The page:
Thursday, Sep 29, 2022

2020 Royal Enfield Classic 350 Spied Again

This time around, the bike sports some touring-oriented add-ons

  • The new spy shots give a clearer picture of the bike’s side and rear profile.
  • Compared to the spy shots of the older bike, the seat appears to be different.
  • The test mule also sports saddlebags, a cushioned backrest borrowed from the Thunderbird range, and a windshield.
  • Likely to be launched in India by next year.

The 2020 iteration of Royal Enfield’s cash cow, the Classic 350, has been spotted testing yet again. This time though, the test mule is seen sporting a bunch of touring-enhancing additions like soft saddlebags, a cushioned backrest borrowed from the Thunderbird range, and a windshield. In the new spy shots, the seat appears to be different from the ones that surfaced on the internet the first time. It is possible that Royal Enfield is experimenting with the seating.

An interesting point to note is that this upcoming model features a single-piece seat unlike the current-gen’s split units, with a sprung rider’s seat. Also, both the rider and pillion footpegs seem to be a lot broader and are distinctly different from the ones in the earlier spy shots. Perhaps are they a comfort-enhancing accessory? Your guess is as good as ours.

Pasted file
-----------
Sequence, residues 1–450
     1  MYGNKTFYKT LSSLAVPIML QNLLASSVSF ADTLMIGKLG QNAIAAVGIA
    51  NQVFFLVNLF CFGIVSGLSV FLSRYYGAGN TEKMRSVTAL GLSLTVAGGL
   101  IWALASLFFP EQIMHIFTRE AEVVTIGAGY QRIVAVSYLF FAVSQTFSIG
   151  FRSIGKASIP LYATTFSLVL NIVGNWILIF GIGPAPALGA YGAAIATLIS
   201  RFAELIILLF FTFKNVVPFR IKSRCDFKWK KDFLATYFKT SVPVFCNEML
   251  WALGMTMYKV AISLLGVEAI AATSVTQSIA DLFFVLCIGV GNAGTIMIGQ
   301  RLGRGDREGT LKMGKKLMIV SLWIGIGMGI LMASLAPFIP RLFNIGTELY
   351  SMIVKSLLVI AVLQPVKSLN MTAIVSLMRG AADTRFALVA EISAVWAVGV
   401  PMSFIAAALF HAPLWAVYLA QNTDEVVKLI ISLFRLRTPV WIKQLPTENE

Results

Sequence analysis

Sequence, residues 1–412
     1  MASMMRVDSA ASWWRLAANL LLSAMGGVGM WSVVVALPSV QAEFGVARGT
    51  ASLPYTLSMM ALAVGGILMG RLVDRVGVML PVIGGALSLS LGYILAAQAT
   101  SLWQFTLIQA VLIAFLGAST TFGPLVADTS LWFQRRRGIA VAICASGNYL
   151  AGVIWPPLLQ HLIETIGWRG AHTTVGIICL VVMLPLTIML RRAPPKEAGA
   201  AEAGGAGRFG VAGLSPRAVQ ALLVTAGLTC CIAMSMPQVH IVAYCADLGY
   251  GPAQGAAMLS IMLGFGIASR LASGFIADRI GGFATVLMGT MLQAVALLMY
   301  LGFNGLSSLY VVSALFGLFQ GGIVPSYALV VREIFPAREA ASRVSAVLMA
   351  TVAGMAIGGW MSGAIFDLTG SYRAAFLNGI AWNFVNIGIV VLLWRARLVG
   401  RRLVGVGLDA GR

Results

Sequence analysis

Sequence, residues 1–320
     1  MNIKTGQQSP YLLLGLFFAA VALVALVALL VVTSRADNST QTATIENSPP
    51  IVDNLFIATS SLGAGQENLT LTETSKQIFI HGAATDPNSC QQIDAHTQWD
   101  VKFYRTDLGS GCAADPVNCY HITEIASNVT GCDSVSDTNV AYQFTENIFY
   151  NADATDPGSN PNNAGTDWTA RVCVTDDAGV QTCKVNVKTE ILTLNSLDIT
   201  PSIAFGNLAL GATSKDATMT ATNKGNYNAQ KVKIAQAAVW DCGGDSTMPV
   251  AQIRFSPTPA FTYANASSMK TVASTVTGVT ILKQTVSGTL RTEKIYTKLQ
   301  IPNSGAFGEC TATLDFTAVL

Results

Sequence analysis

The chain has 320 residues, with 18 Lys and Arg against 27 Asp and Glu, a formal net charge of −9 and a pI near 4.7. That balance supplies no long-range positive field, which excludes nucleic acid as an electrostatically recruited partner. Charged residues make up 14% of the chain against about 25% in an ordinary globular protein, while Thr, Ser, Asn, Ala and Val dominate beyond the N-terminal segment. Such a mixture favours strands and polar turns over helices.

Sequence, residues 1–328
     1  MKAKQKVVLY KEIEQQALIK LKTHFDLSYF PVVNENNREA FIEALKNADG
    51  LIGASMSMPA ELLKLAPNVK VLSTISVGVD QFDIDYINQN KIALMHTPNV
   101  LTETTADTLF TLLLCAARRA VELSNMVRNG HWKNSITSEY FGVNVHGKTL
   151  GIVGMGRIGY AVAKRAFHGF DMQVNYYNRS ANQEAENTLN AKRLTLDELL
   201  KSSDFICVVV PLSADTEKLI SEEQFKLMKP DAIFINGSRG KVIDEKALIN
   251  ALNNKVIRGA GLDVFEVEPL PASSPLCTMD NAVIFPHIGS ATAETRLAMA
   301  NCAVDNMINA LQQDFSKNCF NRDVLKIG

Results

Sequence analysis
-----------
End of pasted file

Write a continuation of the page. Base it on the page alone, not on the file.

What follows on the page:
The spy shots also give us a clearer glimpse of the bike’s side. The frame has been redesigned and the motor is likely to be derived from the Himalayan’s long-stroke engine platform. That said, it is still unclear whether it’ll have an oil cooler or not. Either way, it will comply with the upcoming BSVI emission norms which will come into effect next year.

Just like the earlier pictures, this one too gets a disc on the right side instead of left. Even its mounting points seem to be different, hinting at the possibility of a slightly bigger disc. There’s a disc at the rear too, and the brake fluid reservoir is located just next to the engine casing. We wonder if this proximity to the engine would affect the viscosity of the fluid, though!

Suspension bits include the same telescopic forks up front but the rear units aren’t visible this time. The bike in the earlier spy shots used traditional twin shock absorbers instead of the gas-charged units as the one in the current model.

Expect Royal Enfield to launch this motorcycle by next year, where it’ll go head to head with the Jawa and the Jawa Forty Two.

Image Credit: Motoroids